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Contested Hearings: 5 Ways the Government May Try to Prove You Are Deportable

Contested Hearings: 5 Ways the Government May Try to Prove You Are Deportable

People come to the United States for many different reasons, some with the intention to stay only for a time, and others with the hope of becoming a citizen someday. Until someone is actually holding their citizenship papers in hand, however, there is always the risk of facing deportation by the government. There are many factors that can lead to a deportation hearing, but once scheduled to appear in court, it is important to know the different ways that the government may try to prove an individual is deportable. Inadmissible when Entering the US If the government can show that someone was not actually supposed to be able to come into the country at the time when they arrived, this can be grounds for deportation. This occurs when, for example, they find that the immigration paperwork was filled out improperly or fraudulently. It can also happen to people who came to the country illegally. Conditions of Status Violated Many people come to the US with a visa status that has many restrictions. When those restrictions are violated, they may be become “deportable.” A common example would be the spouse or children of a non-immigrant individual in America on a work or student visa. If the individual who was here for their job or education loses their employment or graduates from school, the entire family will fall out of status, will start accruing unlawful presence, and will become subject to deportation. Marriage Issues Many people come to America, fall in love, get married, and then want to remain in the US to live their lives. While the vast majority of these cases are authentic, some people try to ‘play the system’ by marrying someone who they don’t love just to try to gain citizenship. If the government can show that the marriage was fraudulent it can cause them to be subject to deportation. Also, if someone gets married two or fewer years prior to receiving a green card, and then gets the marriage terminated (or annulled) within the next two years, it can cause issues with their immigration status as well. Convictions of Crimes Certain crimes can cause a person to be put into removal or deportation proceedings as well. The following are some examples of criminal activities that can, if convicted, be used to justify deportation:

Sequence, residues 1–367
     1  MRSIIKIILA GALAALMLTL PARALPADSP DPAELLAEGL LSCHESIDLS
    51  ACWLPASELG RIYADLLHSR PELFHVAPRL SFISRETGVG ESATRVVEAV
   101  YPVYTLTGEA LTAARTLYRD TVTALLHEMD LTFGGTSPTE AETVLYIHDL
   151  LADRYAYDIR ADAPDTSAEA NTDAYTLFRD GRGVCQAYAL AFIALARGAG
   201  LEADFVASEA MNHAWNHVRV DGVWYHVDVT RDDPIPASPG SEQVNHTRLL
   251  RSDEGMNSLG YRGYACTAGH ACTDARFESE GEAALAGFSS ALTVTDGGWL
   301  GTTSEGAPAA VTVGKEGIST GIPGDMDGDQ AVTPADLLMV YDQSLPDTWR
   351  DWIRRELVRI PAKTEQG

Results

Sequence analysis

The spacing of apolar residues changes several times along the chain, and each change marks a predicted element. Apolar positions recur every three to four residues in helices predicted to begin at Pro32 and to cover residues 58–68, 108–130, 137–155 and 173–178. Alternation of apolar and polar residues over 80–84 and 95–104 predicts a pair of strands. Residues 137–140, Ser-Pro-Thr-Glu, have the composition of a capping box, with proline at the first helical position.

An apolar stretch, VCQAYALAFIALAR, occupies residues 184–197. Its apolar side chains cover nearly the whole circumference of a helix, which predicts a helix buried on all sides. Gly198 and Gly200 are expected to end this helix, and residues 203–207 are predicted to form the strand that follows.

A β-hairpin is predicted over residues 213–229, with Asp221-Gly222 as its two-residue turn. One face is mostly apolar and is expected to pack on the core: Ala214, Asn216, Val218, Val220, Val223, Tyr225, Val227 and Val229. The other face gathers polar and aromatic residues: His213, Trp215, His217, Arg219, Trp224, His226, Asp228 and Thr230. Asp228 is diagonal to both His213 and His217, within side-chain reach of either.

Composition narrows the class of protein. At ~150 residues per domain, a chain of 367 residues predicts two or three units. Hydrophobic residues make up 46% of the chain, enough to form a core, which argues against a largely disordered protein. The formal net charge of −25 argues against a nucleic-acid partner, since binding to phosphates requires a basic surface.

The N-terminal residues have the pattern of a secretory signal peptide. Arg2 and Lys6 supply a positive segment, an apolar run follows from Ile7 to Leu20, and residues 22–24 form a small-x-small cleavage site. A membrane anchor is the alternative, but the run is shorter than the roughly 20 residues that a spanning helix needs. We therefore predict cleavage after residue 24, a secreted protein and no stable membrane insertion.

• Crimes Involving Moral Turpitude– If someone commits a crime involving moral turpitude anytime within the first five years of arriving in the US.
  • Aggravated Felony– A conviction in an aggravated felony case at any point after someone arrives in the United States.
  • Fleeing an Immigration Checkpoint– Being convicted of fleeing an immigration checkpoint at ‘high speeds.’
  • Sex Offender Registration – Failing to complete registration as a sex offender.
  • Drug Offenses– A conviction of any drug trafficking (or attempting to traffic).
Failing to Apply for Extensions Many types of nonimmigrant visas come with a set expiration date. While some of these expiration dates are firm and can’t be extended, most of them allow for extensions to be granted. If the individual does not properly file for an extension, however, they are at risk of being deported. An Immigration Hearing Does Not Mean Automatic Deportation When an individual is told to appear at a deportation hearing, it is not certain that they will be forced to leave the country. During these hearings it is possible to present evidence against the claims of the government, or even seek alternatives to deportation (such as asylum or cancellation of removal). For those who wish to avoid deportation, it is important to have an experienced attorney fighting on their behalf. Contact Landerholm Immigration, A.P.C. to learn more about all your legal options.

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